South Korean Supreme Court Ruling: Rational Judgement Has Resulted from Improvement of Ties with Japan

Hopefully a trend is taking root in which the South Korean judiciary makes composed, rational judgments without being swayed by an administration’s policy toward Japan or by public opinion.

The South Korean Supreme Court has dismissed a conviction of Park Yu-ha, a Sejong University professor emeritus, for defaming former so-called comfort women in her book “Comfort Women of the Empire.” The top court sent the case back to the high court that had fined her, while indicating its “intention to acquit” her.

In her book, Park harshly criticized the Japanese military’s comfort women system for suppressing the women’s human rights, but disagreed with the view in South Korea that comfort women were forcibly recruited. It also noted that some comfort women had comradely relationships with the Japanese military.

The lower court, viewing the case from the standpoint of respecting academic freedom, did not delve into the truth or falsehood of the descriptions in the book and ruled that Park was not guilty. The high court ruling, however, accepted the prosecution’s argument that there were falsehoods in the descriptions.

Careless proceedings were evident in the high court’s decision, including the use of the factual error-ridden U.N. Human Rights Commission’s Coomaraswamy Report as a basis for the guilty ruling.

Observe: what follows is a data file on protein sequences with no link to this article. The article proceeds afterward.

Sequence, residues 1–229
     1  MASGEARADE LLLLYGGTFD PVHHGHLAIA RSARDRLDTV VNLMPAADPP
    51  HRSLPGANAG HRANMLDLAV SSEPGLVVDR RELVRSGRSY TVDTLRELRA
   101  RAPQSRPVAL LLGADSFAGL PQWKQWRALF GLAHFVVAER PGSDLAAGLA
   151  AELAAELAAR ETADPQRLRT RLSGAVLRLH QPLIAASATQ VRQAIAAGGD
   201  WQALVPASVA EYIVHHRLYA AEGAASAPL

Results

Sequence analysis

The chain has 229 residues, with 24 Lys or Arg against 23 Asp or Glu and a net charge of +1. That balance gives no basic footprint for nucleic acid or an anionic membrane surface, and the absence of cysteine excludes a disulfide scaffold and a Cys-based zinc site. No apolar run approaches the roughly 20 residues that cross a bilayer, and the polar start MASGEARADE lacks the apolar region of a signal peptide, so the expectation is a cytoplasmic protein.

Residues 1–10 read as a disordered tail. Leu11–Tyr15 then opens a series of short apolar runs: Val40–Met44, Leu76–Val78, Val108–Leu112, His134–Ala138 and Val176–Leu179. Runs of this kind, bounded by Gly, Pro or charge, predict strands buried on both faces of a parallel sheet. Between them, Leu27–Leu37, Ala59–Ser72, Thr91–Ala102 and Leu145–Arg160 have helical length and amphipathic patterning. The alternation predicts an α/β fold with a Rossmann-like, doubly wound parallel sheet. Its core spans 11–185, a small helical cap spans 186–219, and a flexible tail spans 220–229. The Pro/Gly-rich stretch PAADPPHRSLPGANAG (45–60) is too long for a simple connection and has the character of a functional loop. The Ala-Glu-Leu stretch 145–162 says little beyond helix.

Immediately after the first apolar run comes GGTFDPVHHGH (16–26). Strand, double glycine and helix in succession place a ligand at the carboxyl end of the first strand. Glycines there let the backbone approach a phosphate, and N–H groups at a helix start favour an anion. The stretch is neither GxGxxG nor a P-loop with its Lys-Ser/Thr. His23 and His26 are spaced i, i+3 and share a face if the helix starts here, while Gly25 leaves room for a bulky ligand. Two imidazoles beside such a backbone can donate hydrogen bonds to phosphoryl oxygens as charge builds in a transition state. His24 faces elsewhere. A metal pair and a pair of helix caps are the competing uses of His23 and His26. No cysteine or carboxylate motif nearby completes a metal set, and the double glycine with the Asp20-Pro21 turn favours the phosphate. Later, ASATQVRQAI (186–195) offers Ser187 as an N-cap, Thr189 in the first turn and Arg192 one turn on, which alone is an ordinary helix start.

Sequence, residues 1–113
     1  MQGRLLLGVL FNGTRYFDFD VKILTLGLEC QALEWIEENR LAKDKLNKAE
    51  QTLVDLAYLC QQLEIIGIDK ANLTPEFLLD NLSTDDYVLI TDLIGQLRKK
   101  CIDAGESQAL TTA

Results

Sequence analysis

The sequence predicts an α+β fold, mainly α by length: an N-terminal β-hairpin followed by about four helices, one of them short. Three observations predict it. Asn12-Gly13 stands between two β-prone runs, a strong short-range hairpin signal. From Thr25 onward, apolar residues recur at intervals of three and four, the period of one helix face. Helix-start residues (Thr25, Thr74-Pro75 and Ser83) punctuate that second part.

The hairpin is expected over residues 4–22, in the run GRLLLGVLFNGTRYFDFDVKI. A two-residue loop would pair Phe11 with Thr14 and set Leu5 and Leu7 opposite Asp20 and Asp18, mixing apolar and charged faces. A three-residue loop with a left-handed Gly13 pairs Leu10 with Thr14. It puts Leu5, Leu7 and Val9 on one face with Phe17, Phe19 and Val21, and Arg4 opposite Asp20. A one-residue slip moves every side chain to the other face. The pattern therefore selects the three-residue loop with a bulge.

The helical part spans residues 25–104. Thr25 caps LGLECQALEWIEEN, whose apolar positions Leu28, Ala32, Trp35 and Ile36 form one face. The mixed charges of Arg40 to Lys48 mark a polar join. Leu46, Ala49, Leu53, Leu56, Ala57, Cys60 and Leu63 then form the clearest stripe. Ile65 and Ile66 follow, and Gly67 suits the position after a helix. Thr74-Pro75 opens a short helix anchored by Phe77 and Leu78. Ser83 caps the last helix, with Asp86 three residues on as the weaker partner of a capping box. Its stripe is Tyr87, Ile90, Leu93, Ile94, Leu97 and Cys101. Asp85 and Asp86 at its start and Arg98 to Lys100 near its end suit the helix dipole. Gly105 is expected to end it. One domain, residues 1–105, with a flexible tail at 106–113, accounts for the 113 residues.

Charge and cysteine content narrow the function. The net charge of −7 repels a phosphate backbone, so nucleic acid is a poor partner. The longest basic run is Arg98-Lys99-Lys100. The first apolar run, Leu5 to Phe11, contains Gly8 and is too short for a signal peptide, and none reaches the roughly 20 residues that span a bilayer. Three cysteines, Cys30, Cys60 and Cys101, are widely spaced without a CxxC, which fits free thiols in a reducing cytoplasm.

It has also been pointed out that the judiciary took into account the anti-Japan policies of the administration of then South Korean President Moon Jae-in and the enormous influence of civic groups that support former comfort women.

The Supreme Court ruling this time, however, stated that it is appropriate to view the descriptions in question as an academic argument and an expression of opinions, emphasizing that restrictions on freedom of academic expression should be kept to the minimum necessary.

First of all, a criminal trial is not the place for interpreting historical facts on which even experts split in their views. If criminal penalties are imposed over historical perceptions, researchers will be intimidated, and free, calm research activities and discussions will become impossible. The Supreme Court’s level-headed decision is welcome news.

In a case in which a group of South Korean thieves stole a Buddhist statue from the Kannonji temple in Tsushima, Nagasaki Prefecture, and brought it back to South Korea in 2012, the Supreme Court dismissed a South Korean temple’s claims of ownership of the statue.

The South Korean temple claimed that the Buddhist statue was looted by Japanese pirates in the 14th century and demanded its repatriation, a claim accepted by a lower court. However, a high court ruled that the ownership belonged to Kannonji based on facts such as that the temple had been in possession of the statue for a long time before it was stolen, in accordance with the Civil Code of Japan.

The fact that the South Korean Supreme Court has made a spate of rational decisions is not unrelated to the improvement of Tokyo-Seoul relations under the administration of South Korean President Yoon Suk Yeol.

It is desirable if an atmosphere is spreading in the judiciary in which it is possible to deal in a composed manner, based on the law, with lawsuits connected to Japan-South Korea relations and historical issues. It is hoped that no matter what kind of administration is in power, this principle will be maintained.

(From The Yomiuri Shimbun, Nov. 2, 2023)